Letters to the editor

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Updated: March 23, 2016 1:07:58 AM

Mallya and the common man

Mallya and the common man
Ignorance is the new name for the so-called common man. Good job, promotion, higher studies abroad, etc—we are caught in a web of everyday errands, to the extent that we have forgotten how to react, let alone retaliate. The way we shoo a mosquito off from us, can’t we shoo away all the anti-social elements from our society? As amply evidenced by the case of the liquor baron Vijay Mallya, those in the wrong these days get more publicity than even film-stars and politicians. I am just amazed at Mallya’s audacity. The old Hindi idiom “chori aur seena zori” is quite apt for him. He took R9,000 crore in loans from banks, drove his company to bankruptcy and then continued partying and continues to lead a lavish lifestyle in the UK! After so many years, his delinquent behaviour has suddenly dawned upon all the banks and now they have finally put a step forward to take action against him? Were they sleeping before? A lay person has to submit hundreds of documents before he gets a loan for an amount as meagre as R50 lakh (after thousands of trips to the bank, there is no guarantee that she will get the loan) and Mallya runs away with a whopping R9,000 crore? There is and there will be many more Vijay Mallyas sitting and taking the banking system and other authorities for a ride. It will perhaps take may be hundreds of years for the world to get rid of plutocracy. Meanwhile, soon, another eye-catching story will lead our attention away and we will forget about this matter.
Riya Kapoor, via e-mail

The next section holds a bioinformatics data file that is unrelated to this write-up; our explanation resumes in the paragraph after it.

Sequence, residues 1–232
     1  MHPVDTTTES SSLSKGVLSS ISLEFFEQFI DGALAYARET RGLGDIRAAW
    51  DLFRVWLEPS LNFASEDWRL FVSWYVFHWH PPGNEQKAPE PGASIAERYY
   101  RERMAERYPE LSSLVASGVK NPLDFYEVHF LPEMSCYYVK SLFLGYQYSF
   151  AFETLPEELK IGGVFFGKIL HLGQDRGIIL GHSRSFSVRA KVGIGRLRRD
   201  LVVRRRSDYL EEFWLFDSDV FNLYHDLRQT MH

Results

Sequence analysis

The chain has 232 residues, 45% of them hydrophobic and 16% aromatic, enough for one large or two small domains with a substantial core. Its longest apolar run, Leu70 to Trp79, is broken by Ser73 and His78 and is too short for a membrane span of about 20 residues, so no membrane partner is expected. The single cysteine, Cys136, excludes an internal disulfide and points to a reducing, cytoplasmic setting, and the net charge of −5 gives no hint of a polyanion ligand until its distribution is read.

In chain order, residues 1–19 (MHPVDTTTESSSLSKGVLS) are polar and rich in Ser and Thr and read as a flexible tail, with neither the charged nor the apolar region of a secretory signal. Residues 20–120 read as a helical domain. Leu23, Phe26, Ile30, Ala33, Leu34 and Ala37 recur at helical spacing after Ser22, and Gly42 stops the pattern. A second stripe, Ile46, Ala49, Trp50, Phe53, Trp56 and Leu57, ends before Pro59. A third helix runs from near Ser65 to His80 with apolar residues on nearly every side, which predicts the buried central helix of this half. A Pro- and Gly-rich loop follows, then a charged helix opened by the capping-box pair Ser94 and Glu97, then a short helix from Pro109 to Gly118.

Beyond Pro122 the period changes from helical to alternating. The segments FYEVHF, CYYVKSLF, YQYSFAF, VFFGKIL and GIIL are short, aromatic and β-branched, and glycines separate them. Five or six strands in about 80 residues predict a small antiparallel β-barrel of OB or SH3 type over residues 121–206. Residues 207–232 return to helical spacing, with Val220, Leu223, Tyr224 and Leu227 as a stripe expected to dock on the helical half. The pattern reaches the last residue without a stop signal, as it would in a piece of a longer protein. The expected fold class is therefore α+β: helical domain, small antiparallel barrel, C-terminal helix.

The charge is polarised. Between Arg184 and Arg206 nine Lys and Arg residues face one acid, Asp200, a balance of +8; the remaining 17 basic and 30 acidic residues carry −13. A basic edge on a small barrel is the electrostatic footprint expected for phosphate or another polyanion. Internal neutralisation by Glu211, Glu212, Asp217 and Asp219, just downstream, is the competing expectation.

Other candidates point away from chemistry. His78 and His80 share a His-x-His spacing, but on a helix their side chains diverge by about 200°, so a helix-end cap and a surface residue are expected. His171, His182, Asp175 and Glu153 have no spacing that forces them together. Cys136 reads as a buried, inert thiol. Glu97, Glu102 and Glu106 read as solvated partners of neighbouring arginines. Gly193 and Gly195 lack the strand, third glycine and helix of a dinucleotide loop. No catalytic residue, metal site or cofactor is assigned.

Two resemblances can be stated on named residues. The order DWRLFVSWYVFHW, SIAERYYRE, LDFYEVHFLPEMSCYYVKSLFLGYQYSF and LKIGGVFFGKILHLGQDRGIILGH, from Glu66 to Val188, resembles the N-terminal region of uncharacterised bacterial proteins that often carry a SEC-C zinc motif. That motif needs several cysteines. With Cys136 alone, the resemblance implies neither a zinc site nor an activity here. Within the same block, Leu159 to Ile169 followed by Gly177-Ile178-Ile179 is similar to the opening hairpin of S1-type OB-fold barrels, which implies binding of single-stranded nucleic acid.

Development vs other issues
Nationalism seems to be the the season’s marquee topic. With unending elections, routine campaign issues are fast becoming stale. Post-Independence, these had been mundane ones, such as food, education, quality of life and so on and so forth. In a short span of two years since the last general elections, we have graduated to the intellectual era—not that we have found solutions to our earlier problems, but to the extent of reading up our Constitution and engaging in animated debate, there are fresher issues to offer up to the electorate. If Delhi polls were the Modi development-pitch-centric, Bihar explored secularism and anti-caste politics and now, with West Bengal and Kerala lined up, it is the even more lofty issue of nationalism. What do we take up for the next round of polls after May 2016?  In this pedantic exercise, if development does not come through, what is the silver bullet to slay demons in the great battle of 2019?
R Narayanan, Ghaziabad

Please send your letters to:

The Editor,The Financial Express, B1/B, Sector – 10, Noida – 201301. Distt: Gautam Budh Nagar (U.P.).or e-mail at: feletters@expressindia.com or fax at Delhi: 0120-4367933

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